The nationalization of the banking system continues. Even as healthier banks repay their TARP funds, the Fed is now proposing comprehensive regulation of banker compensation. It's not talking only about executive pay. It means to cover compensation arrangements down to mid-levels and perhaps even lower. The idea is to prevent banks from creating and accumulating the outsized and uncontrolled risks that led to the current economic mess. All the annoyed bank vice presidents out there have AIG-Financial Products to thank for the comprehensive scale of the proposed regulation. AIG-FP was one of many subsidiaries of AIG, the grand bailee of the financial services industry. FP, all by its little old lonesome, sold so many credit default swaps, and thusly saddled AIG with so much risk, that the U.S. financial system almost blew up when FP's counterparties began to demand collateral that it couldn't provide. As we all know, the American taxpayers, generous to a fault and holding bankers dear to their hearts, rushed forward with more than $100 billion to save AIG from bankruptcy.

Because the federal government, through its now engraved in stone too-big-to-fail doctrine or through federal deposit insurance, is on the hook for virtually all liabilities of all banks, there is a logic to comprehensive regulation of bank risk taking. After all, the banks' own signal failure to manage risk created the mess we're in, and there's not a lot of evidence that they've changed their ways. Indeed, bank risk levels now seem higher than before the economic crisis. (See http://blogger.uncleleosden.com/2009/09/risks-of-business-as-usual-in-banking.html.)

The Fed wants to ensure that banks have sensible pay policies. Can't argue with that. But government agencies don't regulate simply by prescribing policies. They have to follow up and verify that the banks are following their policies (that's called enforcement of the rules). Federal examiners would have to routinely review compensation of, say, bank vice presidents (those would be the folks that open checking and savings accounts, and make mortgage loans). We'd practically have the government managing the banks--all of them. Admittedly, many are the bankers that deserve a trip to the wood shed from which they would return with tenderized butts. However, having federal officials countersign bank employee paychecks implicates the government really deeply in the doings of the banks. The next time there is a banking crisis--and you can bet your last penny that there will be more banking crises--the federal government will bear even more blame than it has been smacked with this time.

Back in the bad old days of 3-6-3 savings and loan mortgage lending, cars had big fins and lousy mileage, too many martinis were consumed at lunch, meals were high in saturated fat and tasty, the real estate market grew steadily if not spectacularly, and the financial system was pretty stable. The government got this result by limiting the financial products that banks and similar institutions could offer and invest in. Banking was a dull industry with moderate profitability. But recessions tended to be short and recoveries tended to be fast. America was an optimistic nation.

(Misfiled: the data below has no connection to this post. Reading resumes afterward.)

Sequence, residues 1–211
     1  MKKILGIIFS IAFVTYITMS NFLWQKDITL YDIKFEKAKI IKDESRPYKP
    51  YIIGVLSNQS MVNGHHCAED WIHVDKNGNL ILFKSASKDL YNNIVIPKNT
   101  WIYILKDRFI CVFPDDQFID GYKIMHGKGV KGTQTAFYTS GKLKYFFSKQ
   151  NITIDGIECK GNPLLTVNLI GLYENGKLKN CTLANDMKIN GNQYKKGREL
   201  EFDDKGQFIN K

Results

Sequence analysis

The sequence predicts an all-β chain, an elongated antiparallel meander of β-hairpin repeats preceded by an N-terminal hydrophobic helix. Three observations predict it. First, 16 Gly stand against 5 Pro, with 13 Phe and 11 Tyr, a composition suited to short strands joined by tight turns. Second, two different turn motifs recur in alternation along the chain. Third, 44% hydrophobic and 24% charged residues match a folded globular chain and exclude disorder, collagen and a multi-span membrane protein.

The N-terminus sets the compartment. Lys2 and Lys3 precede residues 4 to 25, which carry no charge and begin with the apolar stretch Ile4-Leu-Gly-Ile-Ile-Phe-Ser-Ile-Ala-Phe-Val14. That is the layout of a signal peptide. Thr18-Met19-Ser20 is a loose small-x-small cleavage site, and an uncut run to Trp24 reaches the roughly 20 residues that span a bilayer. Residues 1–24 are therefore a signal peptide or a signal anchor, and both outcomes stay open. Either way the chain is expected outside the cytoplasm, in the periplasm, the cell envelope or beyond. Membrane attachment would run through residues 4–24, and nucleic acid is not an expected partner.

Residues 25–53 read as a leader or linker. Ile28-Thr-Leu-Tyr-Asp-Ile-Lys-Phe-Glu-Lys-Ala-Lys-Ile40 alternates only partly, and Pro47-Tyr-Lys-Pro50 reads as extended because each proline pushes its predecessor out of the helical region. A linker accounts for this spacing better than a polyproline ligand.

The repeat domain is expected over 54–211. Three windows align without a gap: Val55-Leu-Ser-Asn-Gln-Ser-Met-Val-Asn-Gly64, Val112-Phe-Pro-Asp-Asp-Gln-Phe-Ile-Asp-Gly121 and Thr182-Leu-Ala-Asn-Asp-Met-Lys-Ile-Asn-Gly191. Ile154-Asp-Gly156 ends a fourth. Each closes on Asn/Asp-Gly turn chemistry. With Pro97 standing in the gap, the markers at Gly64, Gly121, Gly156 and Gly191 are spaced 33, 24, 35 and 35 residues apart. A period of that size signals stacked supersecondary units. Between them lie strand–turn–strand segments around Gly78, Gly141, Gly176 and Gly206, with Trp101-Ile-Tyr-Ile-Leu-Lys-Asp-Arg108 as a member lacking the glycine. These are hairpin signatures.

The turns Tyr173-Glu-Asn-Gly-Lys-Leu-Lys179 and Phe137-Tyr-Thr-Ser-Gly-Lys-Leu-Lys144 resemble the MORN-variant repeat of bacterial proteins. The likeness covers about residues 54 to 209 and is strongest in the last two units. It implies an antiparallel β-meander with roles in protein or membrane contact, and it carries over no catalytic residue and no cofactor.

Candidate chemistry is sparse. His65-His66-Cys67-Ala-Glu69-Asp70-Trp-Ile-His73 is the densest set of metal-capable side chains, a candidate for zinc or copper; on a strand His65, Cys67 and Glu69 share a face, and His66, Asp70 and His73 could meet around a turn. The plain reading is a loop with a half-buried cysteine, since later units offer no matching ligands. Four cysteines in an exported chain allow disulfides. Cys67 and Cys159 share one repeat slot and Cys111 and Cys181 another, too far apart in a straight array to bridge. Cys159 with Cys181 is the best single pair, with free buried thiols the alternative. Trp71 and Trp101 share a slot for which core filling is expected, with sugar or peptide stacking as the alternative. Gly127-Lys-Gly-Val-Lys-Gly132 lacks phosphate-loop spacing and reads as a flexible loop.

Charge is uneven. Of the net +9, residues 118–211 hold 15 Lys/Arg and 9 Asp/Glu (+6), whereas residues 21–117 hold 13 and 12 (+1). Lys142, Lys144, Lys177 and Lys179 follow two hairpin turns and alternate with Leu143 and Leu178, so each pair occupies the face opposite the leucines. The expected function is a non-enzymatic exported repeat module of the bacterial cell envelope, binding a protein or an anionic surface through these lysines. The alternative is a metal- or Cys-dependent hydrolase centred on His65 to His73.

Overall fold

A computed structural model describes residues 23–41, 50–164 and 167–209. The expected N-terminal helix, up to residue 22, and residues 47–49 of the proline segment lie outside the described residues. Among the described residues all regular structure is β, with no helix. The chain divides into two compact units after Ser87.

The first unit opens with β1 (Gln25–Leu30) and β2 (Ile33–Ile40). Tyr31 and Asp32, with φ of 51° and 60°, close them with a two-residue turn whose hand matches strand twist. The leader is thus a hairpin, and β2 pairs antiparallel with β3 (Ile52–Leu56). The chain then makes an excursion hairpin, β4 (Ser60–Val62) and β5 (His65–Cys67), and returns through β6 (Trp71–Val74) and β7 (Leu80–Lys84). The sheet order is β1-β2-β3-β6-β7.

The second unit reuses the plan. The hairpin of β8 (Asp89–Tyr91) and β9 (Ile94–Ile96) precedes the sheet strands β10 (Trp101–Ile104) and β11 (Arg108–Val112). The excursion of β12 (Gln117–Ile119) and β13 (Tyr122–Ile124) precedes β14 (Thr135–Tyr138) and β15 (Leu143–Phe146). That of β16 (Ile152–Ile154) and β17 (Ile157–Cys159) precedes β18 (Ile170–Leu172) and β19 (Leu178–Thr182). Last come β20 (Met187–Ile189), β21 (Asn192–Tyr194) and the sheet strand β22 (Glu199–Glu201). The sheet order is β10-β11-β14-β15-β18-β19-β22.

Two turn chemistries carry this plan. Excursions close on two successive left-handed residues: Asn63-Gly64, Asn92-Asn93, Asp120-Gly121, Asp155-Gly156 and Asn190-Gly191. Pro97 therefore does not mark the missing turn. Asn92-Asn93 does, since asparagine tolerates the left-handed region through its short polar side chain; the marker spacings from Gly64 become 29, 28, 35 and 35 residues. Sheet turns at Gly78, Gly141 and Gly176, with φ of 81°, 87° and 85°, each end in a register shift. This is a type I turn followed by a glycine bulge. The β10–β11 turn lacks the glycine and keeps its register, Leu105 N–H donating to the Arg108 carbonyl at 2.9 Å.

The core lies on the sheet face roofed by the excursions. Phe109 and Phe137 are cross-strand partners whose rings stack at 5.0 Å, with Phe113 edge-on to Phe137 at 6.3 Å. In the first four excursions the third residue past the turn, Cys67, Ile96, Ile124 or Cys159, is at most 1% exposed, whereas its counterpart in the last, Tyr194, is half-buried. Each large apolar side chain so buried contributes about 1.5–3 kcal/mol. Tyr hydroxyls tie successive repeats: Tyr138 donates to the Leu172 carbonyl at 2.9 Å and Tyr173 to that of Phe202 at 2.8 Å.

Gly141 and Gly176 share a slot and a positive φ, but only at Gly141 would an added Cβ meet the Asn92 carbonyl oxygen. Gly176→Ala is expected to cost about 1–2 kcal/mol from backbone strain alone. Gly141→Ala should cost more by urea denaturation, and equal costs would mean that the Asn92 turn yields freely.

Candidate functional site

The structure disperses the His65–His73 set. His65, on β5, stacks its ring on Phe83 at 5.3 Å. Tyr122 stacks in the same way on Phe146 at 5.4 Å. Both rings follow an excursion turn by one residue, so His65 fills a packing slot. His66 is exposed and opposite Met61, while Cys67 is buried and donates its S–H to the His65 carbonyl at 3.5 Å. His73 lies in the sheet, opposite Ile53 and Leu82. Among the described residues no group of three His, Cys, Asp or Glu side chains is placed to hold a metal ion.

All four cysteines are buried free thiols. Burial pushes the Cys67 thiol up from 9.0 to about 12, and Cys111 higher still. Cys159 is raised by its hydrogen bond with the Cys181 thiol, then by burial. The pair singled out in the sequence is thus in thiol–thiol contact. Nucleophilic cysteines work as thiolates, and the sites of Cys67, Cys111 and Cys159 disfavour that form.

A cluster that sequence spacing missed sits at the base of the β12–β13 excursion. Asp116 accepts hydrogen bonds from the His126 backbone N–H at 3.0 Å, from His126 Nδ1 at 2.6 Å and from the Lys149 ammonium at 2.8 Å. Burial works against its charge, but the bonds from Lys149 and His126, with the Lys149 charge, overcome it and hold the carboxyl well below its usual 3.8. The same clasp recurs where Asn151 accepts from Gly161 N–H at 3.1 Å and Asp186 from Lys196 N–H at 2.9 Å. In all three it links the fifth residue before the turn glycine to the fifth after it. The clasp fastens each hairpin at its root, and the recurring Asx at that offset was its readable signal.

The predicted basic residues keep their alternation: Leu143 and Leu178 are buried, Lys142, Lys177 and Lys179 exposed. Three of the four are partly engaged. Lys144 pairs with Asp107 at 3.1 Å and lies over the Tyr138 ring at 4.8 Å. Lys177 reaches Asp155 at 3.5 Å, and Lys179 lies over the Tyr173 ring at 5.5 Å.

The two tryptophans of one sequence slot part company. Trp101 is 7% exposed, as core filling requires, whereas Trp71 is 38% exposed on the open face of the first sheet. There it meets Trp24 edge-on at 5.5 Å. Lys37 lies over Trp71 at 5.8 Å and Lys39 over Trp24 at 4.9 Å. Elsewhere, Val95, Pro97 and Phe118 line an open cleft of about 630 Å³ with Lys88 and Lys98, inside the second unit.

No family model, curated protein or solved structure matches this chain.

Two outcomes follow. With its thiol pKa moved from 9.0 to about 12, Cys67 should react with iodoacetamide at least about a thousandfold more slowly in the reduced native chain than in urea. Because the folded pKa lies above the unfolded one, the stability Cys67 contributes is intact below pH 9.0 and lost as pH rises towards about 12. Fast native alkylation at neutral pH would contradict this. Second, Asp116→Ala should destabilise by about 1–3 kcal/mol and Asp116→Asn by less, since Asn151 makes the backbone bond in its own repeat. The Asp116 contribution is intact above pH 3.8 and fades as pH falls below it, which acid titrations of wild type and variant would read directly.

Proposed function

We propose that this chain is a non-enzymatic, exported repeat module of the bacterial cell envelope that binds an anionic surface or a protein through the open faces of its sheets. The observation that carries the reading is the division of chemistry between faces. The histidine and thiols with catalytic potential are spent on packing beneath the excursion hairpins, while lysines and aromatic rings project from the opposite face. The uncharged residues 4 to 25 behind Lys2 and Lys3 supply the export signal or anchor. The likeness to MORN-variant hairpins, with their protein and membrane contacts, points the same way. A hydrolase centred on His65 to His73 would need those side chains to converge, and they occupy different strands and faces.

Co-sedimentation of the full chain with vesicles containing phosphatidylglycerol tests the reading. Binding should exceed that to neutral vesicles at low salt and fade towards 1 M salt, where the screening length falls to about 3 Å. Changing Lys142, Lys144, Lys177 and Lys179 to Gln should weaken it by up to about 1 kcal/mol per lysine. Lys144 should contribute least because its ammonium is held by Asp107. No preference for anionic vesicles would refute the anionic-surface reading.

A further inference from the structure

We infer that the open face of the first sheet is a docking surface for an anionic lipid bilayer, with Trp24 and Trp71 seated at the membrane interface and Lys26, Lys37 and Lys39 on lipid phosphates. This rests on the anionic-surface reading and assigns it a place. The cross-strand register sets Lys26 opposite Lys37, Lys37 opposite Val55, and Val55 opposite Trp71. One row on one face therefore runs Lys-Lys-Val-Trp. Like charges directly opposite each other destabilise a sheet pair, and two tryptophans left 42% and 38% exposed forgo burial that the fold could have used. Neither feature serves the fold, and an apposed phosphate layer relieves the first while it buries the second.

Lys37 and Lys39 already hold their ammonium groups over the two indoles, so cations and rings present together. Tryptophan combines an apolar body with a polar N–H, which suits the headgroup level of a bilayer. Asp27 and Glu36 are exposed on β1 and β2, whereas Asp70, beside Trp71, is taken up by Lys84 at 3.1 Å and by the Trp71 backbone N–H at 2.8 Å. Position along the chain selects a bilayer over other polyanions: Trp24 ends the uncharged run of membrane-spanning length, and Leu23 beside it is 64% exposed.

Perhaps the unstated reason for the proposed comprehensive regulation of banker compensation is that the Fed doesn't want to admit error and re-regulate the types of financial products that banks can play around with. In the last 20 years, the Fed has led the charge for the deregulation of banking. It's wanted to allow banks to do anything they want, take any risk they want. No need to recap the result of all that. A simpler way to solve the problem of bank risk levels would be to again limit the products the banks play with. No more CDOs or CDOs squared. No more credit default swaps. No life insurance settlement backed bonds or other financial engineering of doubtful social value. If these products truly have social utility, some not-too-big-to-fail, not federally insured or guaranteed company will come along and offer them. If none does, those products will be revealed to be the sophisticated forms of gambling they appear to be.

Federal regulation of banker compensation is meant to prevent the morally hazardous status quo, where taxpayers cover losses while bankers bank big bonuses. That's a laudable goal but we ought not overly complicate the task of bank regulation.

Speaking of simple points, the Fed holds another periodic meeting next week, where it will decide basically to change nothing. Short term interest rates will be kept at zero and other accommodative measures will be kept in place, with only the gentlest of suggestions that they may ever so gradually be withdrawn but not if the financial services industry lets out even a mere whimper. As a not-so-academic exercise, one might consider what would have been the case if the Fed had, instead of moving interest rates to zero, just lowered them to 2%. A fed funds rate of 2% would have been quite accommodative by historical levels but would have been less conducive to inflation (not a threat at the moment) and to asset bubbles (whoops, please don't look at the stock market, whatever you do). There are a lot of people who hold savings in money market funds and bank accounts, and whose interest income has fallen sharply because of the Fed's indulgences for bankers (i.e., providing a zero percent cost of funds which the banks can turn around and lend at tidy profits). How much income have these unfortunate holders of capital lost? It's hard to say, but we can guestimate.